Zeena: For people who are watching this who are like, “Gosh, my hip kind of hurt,” can you quickly tell me where that pain might be, so that way then I can go to Matt and try to get it fixed?” So they can say, “Oh, maybe I need to be doing FAI Fix.” So where is that pain exactly?

Matt: So the location that people get hip pain also varies a lot. Medically a lot of times they’ll talk about C-sign. So they’ll say like, “Oh, you’re making a C with your hand and then you’re copying around the side of your hip.

Zeena: Got it.

Matt: This is all totally fair game for where you might get hip pain. A lot of people get stuff through the front of the hip just right at the attachment of the top of the quads. They can get it on the inner thigh and the groin. This area actually…I’m just going to move the camera…we’re friends, right?

Zeena: Yeah.

Matt: So right in here, is where I think it gets most disturbing for people. People will think, “That’s my hip joint and I’m having a lot of trouble directly in the hip joint.” One of the things I encourage people to do is crack open anatomy textbooks and really start looking at where things are because…I can’t tell you how many times this has happened and somebody has said, “Oh, it’s my hip joint,” and they’re pointing at really what’s the attachment of a muscle to the pelvis.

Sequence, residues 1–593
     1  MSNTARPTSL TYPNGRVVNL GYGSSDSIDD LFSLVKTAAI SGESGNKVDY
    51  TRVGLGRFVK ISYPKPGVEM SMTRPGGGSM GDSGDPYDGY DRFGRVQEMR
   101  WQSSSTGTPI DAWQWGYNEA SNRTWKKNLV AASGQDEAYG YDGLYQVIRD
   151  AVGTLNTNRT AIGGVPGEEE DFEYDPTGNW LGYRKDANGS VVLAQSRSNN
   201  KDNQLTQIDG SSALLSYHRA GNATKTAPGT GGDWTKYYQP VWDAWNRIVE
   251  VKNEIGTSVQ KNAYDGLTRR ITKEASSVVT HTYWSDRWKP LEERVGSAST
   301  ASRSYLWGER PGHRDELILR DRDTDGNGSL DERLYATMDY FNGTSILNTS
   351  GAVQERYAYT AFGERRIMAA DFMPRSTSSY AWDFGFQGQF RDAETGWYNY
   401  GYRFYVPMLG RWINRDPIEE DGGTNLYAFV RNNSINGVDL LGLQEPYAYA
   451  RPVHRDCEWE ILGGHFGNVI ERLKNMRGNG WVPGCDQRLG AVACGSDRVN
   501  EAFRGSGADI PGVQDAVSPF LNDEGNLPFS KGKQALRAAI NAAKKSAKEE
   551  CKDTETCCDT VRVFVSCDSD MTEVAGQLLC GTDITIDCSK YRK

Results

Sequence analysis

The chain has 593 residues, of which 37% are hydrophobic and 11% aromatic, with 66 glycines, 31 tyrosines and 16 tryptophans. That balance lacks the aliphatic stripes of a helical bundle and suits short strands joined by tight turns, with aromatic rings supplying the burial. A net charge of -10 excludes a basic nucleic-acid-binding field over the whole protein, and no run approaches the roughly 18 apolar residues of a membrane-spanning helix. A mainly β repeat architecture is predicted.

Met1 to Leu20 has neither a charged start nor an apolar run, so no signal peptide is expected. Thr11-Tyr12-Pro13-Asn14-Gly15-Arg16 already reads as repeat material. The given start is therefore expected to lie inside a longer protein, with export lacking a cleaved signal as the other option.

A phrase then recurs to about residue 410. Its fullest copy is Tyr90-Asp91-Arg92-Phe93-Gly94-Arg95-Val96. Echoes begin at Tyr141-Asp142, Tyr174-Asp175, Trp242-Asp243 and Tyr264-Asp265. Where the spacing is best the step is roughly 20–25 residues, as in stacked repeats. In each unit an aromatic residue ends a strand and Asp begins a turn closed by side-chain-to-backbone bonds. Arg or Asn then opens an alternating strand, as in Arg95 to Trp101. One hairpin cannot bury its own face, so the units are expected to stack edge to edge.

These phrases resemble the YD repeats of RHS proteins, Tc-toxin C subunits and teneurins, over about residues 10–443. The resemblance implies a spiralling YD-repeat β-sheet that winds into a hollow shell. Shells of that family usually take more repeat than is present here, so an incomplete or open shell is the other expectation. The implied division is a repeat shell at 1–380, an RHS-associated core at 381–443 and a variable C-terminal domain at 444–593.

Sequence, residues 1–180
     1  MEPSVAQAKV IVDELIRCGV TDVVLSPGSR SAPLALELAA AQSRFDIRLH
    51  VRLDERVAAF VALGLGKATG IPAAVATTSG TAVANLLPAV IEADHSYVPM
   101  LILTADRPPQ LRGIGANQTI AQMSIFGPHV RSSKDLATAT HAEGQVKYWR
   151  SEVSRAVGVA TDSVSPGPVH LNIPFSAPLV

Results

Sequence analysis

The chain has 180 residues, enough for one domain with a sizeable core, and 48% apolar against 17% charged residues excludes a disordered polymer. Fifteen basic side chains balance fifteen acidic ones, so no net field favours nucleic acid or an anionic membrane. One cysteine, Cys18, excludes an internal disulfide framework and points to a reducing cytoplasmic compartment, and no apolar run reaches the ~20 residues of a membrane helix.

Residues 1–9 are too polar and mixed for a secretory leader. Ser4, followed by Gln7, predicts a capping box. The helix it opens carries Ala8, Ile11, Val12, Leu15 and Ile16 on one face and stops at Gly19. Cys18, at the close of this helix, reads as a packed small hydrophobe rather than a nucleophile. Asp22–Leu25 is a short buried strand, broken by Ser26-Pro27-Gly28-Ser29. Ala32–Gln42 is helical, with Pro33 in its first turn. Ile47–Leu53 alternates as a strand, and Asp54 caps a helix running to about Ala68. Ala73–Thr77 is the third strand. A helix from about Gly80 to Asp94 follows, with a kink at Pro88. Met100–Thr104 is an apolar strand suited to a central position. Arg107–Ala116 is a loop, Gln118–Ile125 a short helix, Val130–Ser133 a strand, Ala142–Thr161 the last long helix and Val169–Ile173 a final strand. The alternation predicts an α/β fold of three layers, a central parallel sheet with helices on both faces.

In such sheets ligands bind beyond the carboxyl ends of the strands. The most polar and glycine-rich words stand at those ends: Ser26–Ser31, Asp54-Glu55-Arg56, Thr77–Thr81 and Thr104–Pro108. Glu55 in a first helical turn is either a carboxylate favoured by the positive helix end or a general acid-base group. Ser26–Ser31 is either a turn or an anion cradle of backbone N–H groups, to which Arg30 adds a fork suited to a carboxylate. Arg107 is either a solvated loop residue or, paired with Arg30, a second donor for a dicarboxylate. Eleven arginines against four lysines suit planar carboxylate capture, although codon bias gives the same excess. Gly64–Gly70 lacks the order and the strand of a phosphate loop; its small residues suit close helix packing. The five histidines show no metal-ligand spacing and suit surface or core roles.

It feels really scary because this is just not an area that most of us are familiar with. We know where our biceps are but we don’t know what’s going on in the groin generally. We’re just scared of it. We keep it covered all the time. So those muscles can feel like, “Oh, you’re damaging something really bad,” but in reality, you can calm down. It’s just a muscle.

You can also get hip pain going around the butt, down the back here. It’s all really common. SI joint stuff. It can show up everywhere because basically, you have so many muscles around the hip joint that are going to affect your comfort levels whether or not you get the FAI diagnosis, hinges on the X-rays and MRI’s. Again, those things aren’t really linked to the actual location that you feel the problem.

Zeena: So I could realize that if someone again is watching this video who might have that pain – and by the way that was really helpful to be able to see – and they have gone and done the MRI, but they’re having this pain, I’m assuming it can’t hurt them to do the stretches and exercise you’re about to share with us. Because at the end of the day, if they’re sitting at their desk all day long, they need to be stretching, working and their muscles. Correct?

Matt: It’s pretty much correct. Yeah. What I tell people is you have a choice when the pain starts hitting. You could say, “Well, this is a huge major joint problem and I should just not move.” The reality is if you don’t move, you will not be able to move. So you need to identify the movements that are helpful for you at this stage and continuously refresh and figure out what new movements you can add to your repertoire.